Maybe “World Password Day” Should Be “World Authentication Day”
In case you missed the memo, May 7th is World Password Day. Or maybe you knew it and decided to pass on celebrating, with good reason. Strong and multi-factor authentication has proven to be more secure than passwords.
Passwords have been used for centuries to gain restricted entry or attain exclusive membership. But do we still need them today? Or should I say, are we continuing to use them where something safer and more efficient is in order? It baffles me to see companies still allowing their workers to use weak passwords. Granted, trying to come up with unique, strong passwords is annoying, and they add friction to the user experience. And, while they may make it easy for companies to deploy, they aren’t doing themselves any favors by putting their businesses and customers at risk.
Users are the hacker’s path of least resistance
Hackers will always choose the path of least resistance. They can scan network devices for open ports and misconfigurations, but for every network device, there can be thousands of users. So, duh, why not target users? Employees are a delicacy in satiating the hacker’s malicious appetite for data because they are a path of least resistance. You can read many examples of this in the 2019 Verizon Data Breach Investigations Report. The report found over eighty percent of hacking-related breaches leveraged stolen or weak passwords.
Password fatigue has become widespread, and with so many portals, websites, devices, and applications in use today, we need a better access security model. We need stronger authentication methods that don’t rely so much on human effort. When the same simple, easy to remember password is used for logging into social media, online banking, shopping, healthcare, and other sites, and one is breached, all of the user’s accounts are vulnerable.
Strong and multi-factor authentication uses software to analyze the user request to determine the trust or risk level. High trust, versus low to medium trust, will make the difference in the authentication factors that systems require, based on policy and context. For example, if a high-volume user requests something out of the norm, the authentication system’s risk profile might flag the request as a malicious event, and block the transaction.
Moving beyond passwords
Those who pass on celebrating World Password Day, are more than likely using strong or multi-factor authentication, or risk engine to identify suspicious behavior prior to granting access. Not only does this improve the user experience, but it also enhances the company’s security posture.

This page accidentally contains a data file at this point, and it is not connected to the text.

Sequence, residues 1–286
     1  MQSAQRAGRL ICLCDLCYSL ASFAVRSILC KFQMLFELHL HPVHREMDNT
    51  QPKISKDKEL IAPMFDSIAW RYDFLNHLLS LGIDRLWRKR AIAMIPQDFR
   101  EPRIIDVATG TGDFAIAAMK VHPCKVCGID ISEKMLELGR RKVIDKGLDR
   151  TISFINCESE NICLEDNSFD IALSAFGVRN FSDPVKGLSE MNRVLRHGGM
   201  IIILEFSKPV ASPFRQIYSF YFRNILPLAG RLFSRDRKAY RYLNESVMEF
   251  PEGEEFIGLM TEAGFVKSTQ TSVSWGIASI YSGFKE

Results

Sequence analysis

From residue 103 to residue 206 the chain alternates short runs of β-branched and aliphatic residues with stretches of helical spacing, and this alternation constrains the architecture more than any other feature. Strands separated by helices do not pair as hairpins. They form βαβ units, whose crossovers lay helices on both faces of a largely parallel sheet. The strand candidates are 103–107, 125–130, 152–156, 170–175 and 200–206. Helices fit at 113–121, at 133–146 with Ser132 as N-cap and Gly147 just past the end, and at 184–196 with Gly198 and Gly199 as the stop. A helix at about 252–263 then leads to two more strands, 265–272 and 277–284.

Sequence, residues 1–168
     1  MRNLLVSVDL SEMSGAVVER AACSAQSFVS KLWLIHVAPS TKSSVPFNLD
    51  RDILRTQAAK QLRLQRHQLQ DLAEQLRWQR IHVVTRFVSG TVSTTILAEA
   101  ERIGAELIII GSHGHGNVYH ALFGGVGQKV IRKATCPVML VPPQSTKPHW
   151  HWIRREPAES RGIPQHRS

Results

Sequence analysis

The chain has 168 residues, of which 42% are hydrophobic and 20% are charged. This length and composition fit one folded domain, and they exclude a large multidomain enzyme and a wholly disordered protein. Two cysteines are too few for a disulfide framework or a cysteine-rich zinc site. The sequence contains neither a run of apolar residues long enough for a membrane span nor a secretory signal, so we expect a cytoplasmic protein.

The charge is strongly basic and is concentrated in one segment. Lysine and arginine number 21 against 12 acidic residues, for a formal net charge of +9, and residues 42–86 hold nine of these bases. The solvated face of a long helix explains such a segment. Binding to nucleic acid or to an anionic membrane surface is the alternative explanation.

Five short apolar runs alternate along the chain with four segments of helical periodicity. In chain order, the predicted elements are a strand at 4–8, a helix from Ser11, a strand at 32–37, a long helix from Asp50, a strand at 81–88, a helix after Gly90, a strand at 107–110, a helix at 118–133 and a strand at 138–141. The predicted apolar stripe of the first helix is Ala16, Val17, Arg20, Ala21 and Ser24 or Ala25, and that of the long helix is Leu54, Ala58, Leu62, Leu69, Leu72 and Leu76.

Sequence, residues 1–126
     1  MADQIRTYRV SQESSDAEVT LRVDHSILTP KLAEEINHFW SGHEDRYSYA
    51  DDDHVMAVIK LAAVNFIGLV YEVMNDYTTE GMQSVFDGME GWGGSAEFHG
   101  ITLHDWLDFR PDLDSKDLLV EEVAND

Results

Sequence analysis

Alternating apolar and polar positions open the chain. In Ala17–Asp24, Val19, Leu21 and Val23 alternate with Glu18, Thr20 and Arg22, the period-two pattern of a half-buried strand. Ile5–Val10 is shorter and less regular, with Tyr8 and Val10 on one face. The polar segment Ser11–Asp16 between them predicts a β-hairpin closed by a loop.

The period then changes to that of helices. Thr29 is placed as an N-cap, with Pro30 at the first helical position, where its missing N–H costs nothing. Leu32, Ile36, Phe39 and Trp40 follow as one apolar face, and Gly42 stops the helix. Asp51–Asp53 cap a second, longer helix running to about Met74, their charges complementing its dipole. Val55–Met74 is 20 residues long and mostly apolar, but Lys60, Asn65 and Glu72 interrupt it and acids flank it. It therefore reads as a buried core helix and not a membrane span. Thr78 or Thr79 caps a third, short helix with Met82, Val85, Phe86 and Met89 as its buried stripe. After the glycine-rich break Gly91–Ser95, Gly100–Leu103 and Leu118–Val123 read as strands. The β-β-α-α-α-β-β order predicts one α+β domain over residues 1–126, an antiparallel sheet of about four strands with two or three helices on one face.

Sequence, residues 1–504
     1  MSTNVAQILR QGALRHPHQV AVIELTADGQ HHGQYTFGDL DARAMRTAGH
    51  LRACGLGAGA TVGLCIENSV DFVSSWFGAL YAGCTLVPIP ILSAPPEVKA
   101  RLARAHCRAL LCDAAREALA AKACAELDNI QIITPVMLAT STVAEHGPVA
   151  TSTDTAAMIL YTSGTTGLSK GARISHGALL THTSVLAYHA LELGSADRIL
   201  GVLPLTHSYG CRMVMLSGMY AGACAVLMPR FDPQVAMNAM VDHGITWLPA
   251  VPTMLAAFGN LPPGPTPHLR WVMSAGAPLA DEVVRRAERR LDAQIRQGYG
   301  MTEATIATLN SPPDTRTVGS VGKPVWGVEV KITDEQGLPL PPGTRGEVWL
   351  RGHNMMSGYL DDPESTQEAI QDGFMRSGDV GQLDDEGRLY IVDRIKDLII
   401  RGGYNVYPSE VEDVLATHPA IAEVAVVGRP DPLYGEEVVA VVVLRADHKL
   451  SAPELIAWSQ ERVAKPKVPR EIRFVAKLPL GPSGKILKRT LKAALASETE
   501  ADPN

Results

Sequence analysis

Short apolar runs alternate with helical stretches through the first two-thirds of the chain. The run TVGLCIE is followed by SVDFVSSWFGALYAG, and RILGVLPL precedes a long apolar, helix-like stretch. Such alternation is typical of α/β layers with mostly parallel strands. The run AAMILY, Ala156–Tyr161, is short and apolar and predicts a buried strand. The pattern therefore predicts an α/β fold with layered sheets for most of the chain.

As we consider World Password Day, the obvious question is, will passwords go away? And what will replace them? Below are some alternatives:
- Passphrase authentication
- Password-less authentication
- Web browser authentication
- Operating system authentication
- Biometrics authentication
- Multi-factor authentication
New password-less technologies will ease access management while ensuring greater protection of corporate and personal data.
Passwords have been around for generations. And just as many password intrigues went out of fashion, or their purpose expired, passwords for getting into corporate systems will go away, too.
James Quick has over 20 years of experience providing strategy and implementation services in cybersecurity, digital transformation, and digital identity for mostly banking, capital markets, and financial services sectors. He has a successful record of consulting experience from Arthur Andersen, PwC, and EY, where he provided trusted advice on a range of strategic cybersecurity issues. At internet technology innovators like Netscape and Cisco, James led digital transformation programs that delivered cybersecurity protections for customers, increased revenue, and safeguarded their use of the internet. His hands-on approach to implementation produced significant wins at Cisco, where he championed the creation of the digital identity system, which managed the partner and reseller entitlement portal for Cisco Services. At Netscape, he implemented its revolutionary directory server for global clients, which laid the foundations for contemporary digital identity. James has his Ph.D. and MA degrees from Duquesne University and his BA degree from Saint Mary’s University.